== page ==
publication date: Jun. 19, 2020

Trials & Tribulations

Mobile pharmacies—driving down rural cancer care disparities

Justin D. Floyd DO FACOI

Justin Floyd DO, FACOI

Cancer Care Specialists of Illinois

 

James Wade

James L. Wade III MD, FACP, FASCO

Cancer Care Specialists of Illinois

 

Allison_Braden_2

Allison Braden, PharmD

Cancer Care Specialists of Illinois

 

People living in rural communities are often located far away from the major cancer centers that offer a full spectrum of treatments, including clinical trials.

This distance barrier makes cancer patients vulnerable to disparities in care. Delivering cancer care to patients in or near the rural communities in which they reside reduces barriers and improves access.

Unaddressed, these barriers ultimately may prevent patients from pursuing cancer care or perhaps even more significantly, keep them from participating in cancer research trials.

One strategy to address this disparity is the implementation of central hubs housing personnel and resources that can radiate towards rural communities. In practice and principal, this has been demonstrated to be an effective tactic to deliver state of the art care to cancer patients in their home communities.

However, in order to improve efficiency and benefit for patients, this strategy must be continously evolving. A recent step in the evolution of this model of care has resulted in the development and implementation of a mobile, USP 800 compliant, compounding pharmaceutical vehicle… a “mobile pharmacy.”

Story 4 truck

 

Cancer Care Specialists of Illinois, a founding member of Heartland Cancer Research NCORP, has designed, developed, and launched a first of its kind mobile pharmacy. This vehicle resides in a rural hub where it is stocked and serviced daily by a ground crew, preparing it for daily travel to more remote rural clinics.

Upon arrival at a rural satellite clinic, the pharmacy allows a traveling oncologist to see patients and deliver anti-neoplastic agents to patients in their hometown, in real time.

Regulations around drug compounding continue to evolve to ensure safety to patients and health care providers. These new regulations are not easy to implement, are expensive, and may require special staff and equipment for compliance, none of which are necessarily readily available in rural communities.

Mobile pharmaceutical services allow these complex services to be rolled out in smaller communities without having to build infrastructure in a rural community that may only require such infrastructure one day a week.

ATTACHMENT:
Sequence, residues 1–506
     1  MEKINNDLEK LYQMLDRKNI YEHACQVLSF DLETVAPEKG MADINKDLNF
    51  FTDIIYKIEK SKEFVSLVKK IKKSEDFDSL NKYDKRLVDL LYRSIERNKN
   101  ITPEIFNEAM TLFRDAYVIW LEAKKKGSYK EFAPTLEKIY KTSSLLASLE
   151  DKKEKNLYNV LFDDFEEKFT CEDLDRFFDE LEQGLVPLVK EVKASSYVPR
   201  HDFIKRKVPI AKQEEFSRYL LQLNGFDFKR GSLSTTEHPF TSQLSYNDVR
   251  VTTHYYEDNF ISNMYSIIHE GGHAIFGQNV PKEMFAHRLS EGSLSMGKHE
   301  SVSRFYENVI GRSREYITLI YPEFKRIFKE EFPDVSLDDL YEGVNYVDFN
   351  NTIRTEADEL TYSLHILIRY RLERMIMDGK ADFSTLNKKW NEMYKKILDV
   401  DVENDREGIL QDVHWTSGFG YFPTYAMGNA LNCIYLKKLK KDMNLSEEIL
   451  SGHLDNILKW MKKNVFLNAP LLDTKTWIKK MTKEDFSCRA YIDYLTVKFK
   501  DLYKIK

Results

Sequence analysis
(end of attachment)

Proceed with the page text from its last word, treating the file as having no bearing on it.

Mobile pharmaceutical services reduce the waste of high cost medications. Wastage of such pharmaceutical agents results in a negative economic and environmental effect. Compounding high cost pharmaceutical products centrally and bringing the compounded product to the patient has proven to be effective.

However, issues including shelf life of the compounded product, patient compliance, and newly identified drug toxicity all add significant risk to a compounded agent being successfully delivered to the patient. Once compounded, if not administered, the cost of the drug must be paid without reimbursement. In addition, the environmental effects of the waste created will be realized without any benefit to the patient.

Mobile pharmaceutical services allow the drug to be delivered in the uncompounded state to the patient and compounded on-site once the patient has been evaluated and is deemed fit for therapy. This “real time” drug compounding is the process by which chemotherapy is typically compounded and administered in cancer centers.

Mobile pharmaceutical services assure that the same level of pharmacy care demanded by QOPI certification at the practice’s main hubs are now available to patients in rural clinics. The pharmacy ordering and verification process is run through the EPIC EHR system, just like in a centralized cancer center. Vial tracking, labeling, coding, and billing are also performed in EPIC, assuring patients are receiving and being billed for the correct treatment.

Finally, mobile pharmaceutical services increase patient access to therapeutic clinical trials since investigational drugs can be compounded on site in a USP 800 compliant pharmacy. Although many patients in rural communities receive standard of care therapeutic agents for cancer, they may be required to travel to a central site to participate in a therapeutic treatment trial.

Mobile pharmaceutical service providers, working closely with the Heartland NCORP, allow for compounding of investigational agents, by trained research study pharmaceutical staff on-site for real-time delivery of investigational agents close to home.

This assures that NCI, FDA, and science base pharmacy tracking requirements are met, while improving access to cancer research. The mobile pharmacy program is one additional step in closing the divide between cancer outcomes in rural vs urban patients (1).

Providing excellent cancer care to patients close to home continues to be an integral part of oncology care. Innovation has and will continue to advance this initiative. Keep an eye out­—you may see us roll into a community near you.


References

Unger, J, et al. JAMA Netw Open. 2018;1(4):e181235. doi:10.1001/jamanetworkopen.2018.1235

Copyright (c) 2020 The Cancer Letter Inc.